Ekta is a hamlet that is inhabited by 20 tribal families. It’s located outside the town. Most of the adults are non-literates. Women and children are anaemic due to malnutrition. Children have primary education. Legally, tribal land cannot be sold or bought. But practically in this village these people are made landless. This story of exploitation is heart-wrenching.
Traditionally these people had land and worked their farms following their traditional irrigation methods. Trouble entered in the form of money lenders. The traditional irrigation system was meeting their needs, but to gain more profit, they began borrowing from the money lenders by mortgaging their lands to invest in fertilizers and seed. However, the profits were not big enough to pay the sky-rocketing interest levied on their loans. Each year, the tribal people got further and further in debt; their land was slowly occupied by these money lenders. This didn’t happen overnight but took place over three generations. Now around 100 acres of their own land has been removed from them.
These tribals now work their own land as day laborers managed by middlemen. Now seed, fertilizer and all the necessary items for cultivation are supplied by the money lenders. After harvest, 50% belongs to the money lenders and 50% goes to the tribal people. Money lenders make sure these people remain in debt so that they will remain victims. These tribal people don’t know when or how to break their cycle of debt and be released from their bondage.
This whole story of exploitation came to light when we went to this village to conduct FAITH Garden training which helps the people to fight anaemia and malnutrition. When we asked for a portion of land to demonstrate a FAITH Garden, they replied that no portion of the land belonged to them. Thankfully, the money lenders did not oppose our training. Twelve women participated in the training. We taught them the need of balanced diet for good health and how this FAITH Garden in their backyards could help them grow different kinds of vegetables throughout the season without using chemical fertilizers and chemical pest controls.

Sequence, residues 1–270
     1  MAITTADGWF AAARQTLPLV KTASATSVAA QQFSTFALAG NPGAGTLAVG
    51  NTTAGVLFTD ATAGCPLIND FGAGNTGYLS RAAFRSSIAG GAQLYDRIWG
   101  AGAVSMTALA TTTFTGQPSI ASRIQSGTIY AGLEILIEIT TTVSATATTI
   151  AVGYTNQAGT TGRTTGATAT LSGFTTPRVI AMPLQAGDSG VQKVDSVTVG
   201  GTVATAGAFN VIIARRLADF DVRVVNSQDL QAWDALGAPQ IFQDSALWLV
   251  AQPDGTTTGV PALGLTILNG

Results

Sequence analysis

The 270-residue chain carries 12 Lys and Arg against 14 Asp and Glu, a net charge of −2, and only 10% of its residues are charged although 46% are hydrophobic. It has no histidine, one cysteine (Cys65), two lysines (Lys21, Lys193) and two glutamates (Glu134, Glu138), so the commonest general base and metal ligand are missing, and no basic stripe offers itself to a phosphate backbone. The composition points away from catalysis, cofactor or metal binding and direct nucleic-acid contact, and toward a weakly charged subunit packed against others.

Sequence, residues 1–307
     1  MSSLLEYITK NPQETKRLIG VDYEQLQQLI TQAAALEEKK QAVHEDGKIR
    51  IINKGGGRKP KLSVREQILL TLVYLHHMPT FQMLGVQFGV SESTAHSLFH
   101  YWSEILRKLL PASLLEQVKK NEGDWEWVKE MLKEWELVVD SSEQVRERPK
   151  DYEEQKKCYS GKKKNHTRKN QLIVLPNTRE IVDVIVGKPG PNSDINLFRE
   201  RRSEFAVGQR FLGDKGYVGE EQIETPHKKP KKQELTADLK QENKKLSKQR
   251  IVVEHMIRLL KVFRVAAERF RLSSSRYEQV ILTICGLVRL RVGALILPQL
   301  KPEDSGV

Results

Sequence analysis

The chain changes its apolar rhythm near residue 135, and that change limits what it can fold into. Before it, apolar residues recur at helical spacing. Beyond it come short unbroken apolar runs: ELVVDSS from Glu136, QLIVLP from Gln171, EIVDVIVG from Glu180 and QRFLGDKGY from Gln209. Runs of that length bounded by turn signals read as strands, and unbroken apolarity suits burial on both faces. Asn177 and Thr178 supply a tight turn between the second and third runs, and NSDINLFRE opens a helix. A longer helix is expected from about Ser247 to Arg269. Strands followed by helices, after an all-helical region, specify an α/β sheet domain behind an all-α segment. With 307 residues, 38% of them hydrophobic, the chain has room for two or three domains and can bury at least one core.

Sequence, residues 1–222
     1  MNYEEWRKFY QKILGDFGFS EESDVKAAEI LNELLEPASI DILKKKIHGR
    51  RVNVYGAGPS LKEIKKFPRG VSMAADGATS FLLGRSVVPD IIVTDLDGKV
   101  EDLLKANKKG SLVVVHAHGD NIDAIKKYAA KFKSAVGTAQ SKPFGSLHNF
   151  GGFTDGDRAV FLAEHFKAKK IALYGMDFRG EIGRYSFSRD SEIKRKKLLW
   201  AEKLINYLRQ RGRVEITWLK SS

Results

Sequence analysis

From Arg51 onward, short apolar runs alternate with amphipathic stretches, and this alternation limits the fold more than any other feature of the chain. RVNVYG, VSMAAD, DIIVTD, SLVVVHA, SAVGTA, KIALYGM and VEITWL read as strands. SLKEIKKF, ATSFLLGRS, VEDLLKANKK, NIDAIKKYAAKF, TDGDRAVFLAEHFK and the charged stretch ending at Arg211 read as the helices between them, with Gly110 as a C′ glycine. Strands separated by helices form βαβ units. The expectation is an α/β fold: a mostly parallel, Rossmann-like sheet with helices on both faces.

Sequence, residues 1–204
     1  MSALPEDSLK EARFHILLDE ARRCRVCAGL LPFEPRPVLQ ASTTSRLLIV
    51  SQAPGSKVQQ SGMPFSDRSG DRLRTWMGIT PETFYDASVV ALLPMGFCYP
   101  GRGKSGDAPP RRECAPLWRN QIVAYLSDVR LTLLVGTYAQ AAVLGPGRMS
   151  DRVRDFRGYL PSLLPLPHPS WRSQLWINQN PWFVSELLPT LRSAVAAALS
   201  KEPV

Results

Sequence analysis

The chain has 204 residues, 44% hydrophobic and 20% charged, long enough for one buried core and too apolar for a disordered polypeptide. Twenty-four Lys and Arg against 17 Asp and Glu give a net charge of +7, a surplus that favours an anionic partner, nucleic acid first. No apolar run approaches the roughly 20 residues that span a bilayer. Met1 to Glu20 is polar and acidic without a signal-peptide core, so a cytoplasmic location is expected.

When we introduced Transformation Groups for economical upliftment, this revealed another story of exploitation. A few years back a middleman from the nearby town came to this village and encouraged the people to form Transformation Groups and promised loans from government. Believing him, people saved money and gave it to the person to deposit in the bank. But he swindled the money and never returned to the village. This bad experience broke the trust toward the whole idea of Transformation Groups. So for us to introduce Transformation Groups…. this was a big challenge. But after continuous visits and guidance, the people were again willing to form a Transformation group. Since there is no Christian presence in this village, the trust was won back because the appeal was made through a local church that is not far from this village. The tribal people know that these local church people will not run away.
These exploited tribal people are not far from the main town which has 5% of Christians and several churches. There is a vast need. We are praying that our holistic approach to reach these tribal people will result in healthy, reproducing churches in the coming days . . . and help them get out of debt!